Federal Judge Orders Reasons for U.S. Government Withholding Over 2,000 Torture Photos from Iraq and Afghanistan

On Tuesday, Federal Judge Alvin Hellerstein ruled that the Obama Administration has until December 12, 2014, to provide complete details as to why it is withholding approximately 2,100 graphic photographs of members of the U.S. military torturing captives in Iraq and Afghanistan.

Under Hellerstein’s ruling, Justice Department attorneys must provide justification for why each individual photograph is being kept from the eyes of the public.

According to The Guardian, the imagery in this case, which has lasted more than a decade, is the subject of a transparency lawsuit that “both the Bush and Obama administrations, backed by the U.S. Congress, have strenuously resisted.”

International Business Times UK reported that the current stash of photographs are said to show “more disturbing examples of torture and humiliation,” than were revealed in the photographs of “hooded, naked and abused prisoners inside the infamous Abu Ghraib prison in Iraq,” which sparked global outrage in 2004.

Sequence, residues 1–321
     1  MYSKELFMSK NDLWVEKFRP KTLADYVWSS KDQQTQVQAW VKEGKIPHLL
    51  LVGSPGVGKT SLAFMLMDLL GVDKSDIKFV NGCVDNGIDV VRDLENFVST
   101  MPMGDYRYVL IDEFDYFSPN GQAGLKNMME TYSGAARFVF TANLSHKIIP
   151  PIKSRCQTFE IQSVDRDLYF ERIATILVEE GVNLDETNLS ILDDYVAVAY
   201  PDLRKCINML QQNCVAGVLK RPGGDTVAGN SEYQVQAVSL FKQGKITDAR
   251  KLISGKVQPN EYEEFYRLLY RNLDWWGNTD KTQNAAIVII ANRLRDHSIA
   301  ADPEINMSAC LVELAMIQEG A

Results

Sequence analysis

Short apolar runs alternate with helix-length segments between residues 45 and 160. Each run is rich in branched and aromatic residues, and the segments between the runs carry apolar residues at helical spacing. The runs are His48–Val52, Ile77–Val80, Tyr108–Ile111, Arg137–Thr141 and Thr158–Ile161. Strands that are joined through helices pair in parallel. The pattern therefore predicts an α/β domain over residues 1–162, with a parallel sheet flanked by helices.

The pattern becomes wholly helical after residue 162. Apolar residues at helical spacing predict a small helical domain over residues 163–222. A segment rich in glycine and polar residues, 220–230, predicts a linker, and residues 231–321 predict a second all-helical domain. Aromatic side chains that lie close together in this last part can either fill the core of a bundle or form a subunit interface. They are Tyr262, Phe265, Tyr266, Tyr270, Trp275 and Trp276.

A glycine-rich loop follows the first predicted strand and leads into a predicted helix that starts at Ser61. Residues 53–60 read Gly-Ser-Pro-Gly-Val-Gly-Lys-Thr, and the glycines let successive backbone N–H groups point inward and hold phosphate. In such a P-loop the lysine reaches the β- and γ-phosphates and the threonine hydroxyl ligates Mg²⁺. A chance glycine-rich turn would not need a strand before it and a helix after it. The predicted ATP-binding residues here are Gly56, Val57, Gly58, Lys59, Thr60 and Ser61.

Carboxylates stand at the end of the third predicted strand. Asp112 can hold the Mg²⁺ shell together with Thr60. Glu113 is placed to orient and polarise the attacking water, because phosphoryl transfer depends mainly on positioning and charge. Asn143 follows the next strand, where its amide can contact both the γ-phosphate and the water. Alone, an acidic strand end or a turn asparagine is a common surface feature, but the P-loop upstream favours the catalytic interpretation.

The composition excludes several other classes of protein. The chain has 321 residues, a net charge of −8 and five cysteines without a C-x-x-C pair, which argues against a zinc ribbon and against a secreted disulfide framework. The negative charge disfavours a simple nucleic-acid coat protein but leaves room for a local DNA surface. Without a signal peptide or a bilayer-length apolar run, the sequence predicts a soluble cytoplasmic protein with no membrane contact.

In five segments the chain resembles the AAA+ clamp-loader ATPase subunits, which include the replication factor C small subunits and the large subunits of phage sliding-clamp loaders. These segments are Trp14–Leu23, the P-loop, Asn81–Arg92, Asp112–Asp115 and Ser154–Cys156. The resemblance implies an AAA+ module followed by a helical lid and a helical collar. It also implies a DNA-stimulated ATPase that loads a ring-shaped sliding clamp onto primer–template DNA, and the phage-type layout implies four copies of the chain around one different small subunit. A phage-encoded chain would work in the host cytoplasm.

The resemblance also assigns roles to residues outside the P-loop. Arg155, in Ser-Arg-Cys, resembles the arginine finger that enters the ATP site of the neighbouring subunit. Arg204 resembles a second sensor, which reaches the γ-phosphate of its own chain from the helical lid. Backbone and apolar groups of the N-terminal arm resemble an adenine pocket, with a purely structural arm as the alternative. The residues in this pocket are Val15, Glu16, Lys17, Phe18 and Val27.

In 2009, President Obama insisted that releasing the photographs would “further inflame anti-American opinion,” and would ultimately “put our troops in greater danger.”

As a result, the Protected National Security Document Act was passed in 2009, to “protect” the photographs from the public.

The Guardian reported that while Hellerstein is demanding answers from the Obama administration, “any actual release of the photographs will come after Hellerstein reviews the government’s reasoning and issues another ruling in the protracted transparency case.

In a blog post from an attorney for the American Civil Liberties Union, Marcellene Hearn, she said that she viewed the release of the photos as something the government should do in order to provide transparency to the public.

The American people are entitled to know what took place in U.S. detention centers,” said Hearn. “It would be completely backwards to suppress images of government misconduct on the grounds that they are too powerful to be disclosed, when it is often disclosure, accountability and ensuing reforms that prevent misconduct from recurring.”